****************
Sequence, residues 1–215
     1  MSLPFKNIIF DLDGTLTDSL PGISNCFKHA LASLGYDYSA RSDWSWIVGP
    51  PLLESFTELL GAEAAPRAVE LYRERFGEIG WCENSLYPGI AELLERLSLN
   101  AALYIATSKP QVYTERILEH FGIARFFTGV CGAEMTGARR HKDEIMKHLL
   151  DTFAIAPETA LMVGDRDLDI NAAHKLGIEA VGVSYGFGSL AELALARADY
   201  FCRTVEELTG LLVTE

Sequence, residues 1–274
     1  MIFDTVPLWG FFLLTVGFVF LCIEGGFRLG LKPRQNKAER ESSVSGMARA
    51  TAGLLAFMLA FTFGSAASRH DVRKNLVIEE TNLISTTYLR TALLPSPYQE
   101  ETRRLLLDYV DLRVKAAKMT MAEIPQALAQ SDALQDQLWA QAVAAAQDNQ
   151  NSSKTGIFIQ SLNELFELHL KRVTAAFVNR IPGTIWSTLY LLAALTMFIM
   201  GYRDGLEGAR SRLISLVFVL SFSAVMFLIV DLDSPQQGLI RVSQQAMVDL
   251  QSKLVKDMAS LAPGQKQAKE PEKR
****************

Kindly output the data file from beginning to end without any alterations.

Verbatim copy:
Sequence, residues 1–215
     1  MSLPFKNIIF DLDGTLTDSL PGISNCFKHA LASLGYDYSA RSDWSWIVGP
    51  PLLESFTELL GAEAAPRAVE LYRERFGEIG WCENSLYPGI AELLERLSLN
   101  AALYIATSKP QVYTERILEH FGIARFFTGV CGAEMTGARR HKDEIMKHLL
   151  DTFAIAPETA LMVGDRDLDI NAAHKLGIEA VGVSYGFGSL AELALARADY
   201  FCRTVEELTG LLVTE

Sequence, residues 1–274
     1  MIFDTVPLWG FFLLTVGFVF LCIEGGFRLG LKPRQNKAER ESSVSGMARA
    51  TAGLLAFMLA FTFGSAASRH DVRKNLVIEE TNLISTTYLR TALLPSPYQE
   101  ETRRLLLDYV DLRVKAAKMT MAEIPQALAQ SDALQDQLWA QAVAAAQDNQ
   151  NSSKTGIFIQ SLNELFELHL KRVTAAFVNR IPGTIWSTLY LLAALTMFIM
   201  GYRDGLEGAR SRLISLVFVL SFSAVMFLIV DLDSPQQGLI RVSQQAMVDL
   251  QSKLVKDMAS LAPGQKQAKE PEKR